Java – Best practices for installing 3rd party libraries into your hosted Maven repository


Let's say that you have a project which is using a 3rd party library, such as Google's Analytics Data API (gdata), which does not appear to be currently deployed into any well-known or popular Maven public repositories/indexes. This isn't much of a problem, as I can just deploy the artifact into my local hosted Nexus repository.

But, are there any best practices in the Maven community for how I should name this library's "coordinates" in my POM, since a standard is not already set in public repositories for it?

For example, should I refer to it in my POM as


or is there some better / more standard way for me to come up with the artifactId?

(And, why the heck wouldn't a provider of a few dozen libraries such as Google take some effort to get them hosted into the mainstream public Maven repositories/indexes? Wouldn't this make it easier for people to use them and thus drive up adoption?)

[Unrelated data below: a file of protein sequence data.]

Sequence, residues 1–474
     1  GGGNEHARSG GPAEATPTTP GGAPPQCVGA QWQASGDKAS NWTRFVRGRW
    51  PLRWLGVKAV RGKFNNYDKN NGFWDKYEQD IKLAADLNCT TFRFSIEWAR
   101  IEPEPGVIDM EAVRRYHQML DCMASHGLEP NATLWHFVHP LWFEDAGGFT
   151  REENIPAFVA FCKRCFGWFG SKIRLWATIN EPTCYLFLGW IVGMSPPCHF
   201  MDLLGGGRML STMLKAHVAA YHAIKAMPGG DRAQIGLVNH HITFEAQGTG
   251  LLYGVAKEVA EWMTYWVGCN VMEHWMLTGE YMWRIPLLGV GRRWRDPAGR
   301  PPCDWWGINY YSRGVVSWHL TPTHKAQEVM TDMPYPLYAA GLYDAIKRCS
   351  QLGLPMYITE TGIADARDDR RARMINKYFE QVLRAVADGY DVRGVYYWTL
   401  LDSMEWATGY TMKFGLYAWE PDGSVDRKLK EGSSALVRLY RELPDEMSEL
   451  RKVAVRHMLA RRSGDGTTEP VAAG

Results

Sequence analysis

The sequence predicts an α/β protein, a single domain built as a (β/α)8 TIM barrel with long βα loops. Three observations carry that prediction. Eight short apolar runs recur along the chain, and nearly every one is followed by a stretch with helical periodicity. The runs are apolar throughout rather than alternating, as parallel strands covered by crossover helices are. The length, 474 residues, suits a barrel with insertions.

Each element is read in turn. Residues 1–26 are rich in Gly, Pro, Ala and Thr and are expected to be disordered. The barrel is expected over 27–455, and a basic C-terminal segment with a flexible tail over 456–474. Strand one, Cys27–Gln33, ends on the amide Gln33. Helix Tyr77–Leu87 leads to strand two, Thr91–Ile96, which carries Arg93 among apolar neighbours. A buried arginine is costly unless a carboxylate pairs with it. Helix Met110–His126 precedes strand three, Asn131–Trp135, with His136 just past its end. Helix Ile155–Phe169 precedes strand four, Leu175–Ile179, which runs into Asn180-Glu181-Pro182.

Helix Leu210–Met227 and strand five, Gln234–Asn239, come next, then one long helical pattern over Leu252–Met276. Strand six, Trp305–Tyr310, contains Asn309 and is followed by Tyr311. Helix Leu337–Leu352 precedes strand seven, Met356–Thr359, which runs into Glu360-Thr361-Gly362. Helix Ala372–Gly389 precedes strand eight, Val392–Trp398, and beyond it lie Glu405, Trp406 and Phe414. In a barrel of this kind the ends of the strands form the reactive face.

Best Solution

What you've done is pretty reasonable. A few extra points:

  • When Maven obtains an artifact from Nexus, the artifact is named as artifactId-version. GroupId is annoyingly omitted. So, when the artifact is moved around (say, copied into WEB-INF/lib in a web app), your jar file will read "gdata-analytics-1.0". That's usually not a problem. However, if the artifact name is very common, like "util", you may want to include group information inside the artifactId, such as using groupId of "" and an artifactId of "". Yes, the repitition is annoying, but it yields maximum clarity on the file system and in searches. I've actually had a problem where two different groupIds both had a "core-1.0" jar, and one overwrote the other when being copied into the lib directory at build time.

  • I second MattK's suggestion of aligning your Maven versionId with whatever version the artifact is commonly known by.

  • If you follow Dominic's advice of prefixing the groupId with your own company name (eg acme), it may make it easier to take advantage of Nexus' routing feature. It will ensure that requests for internal artifacts aren't propagated out to Maven Central and end up in their logs (which may be important if your groupId is "acme.secret.project"!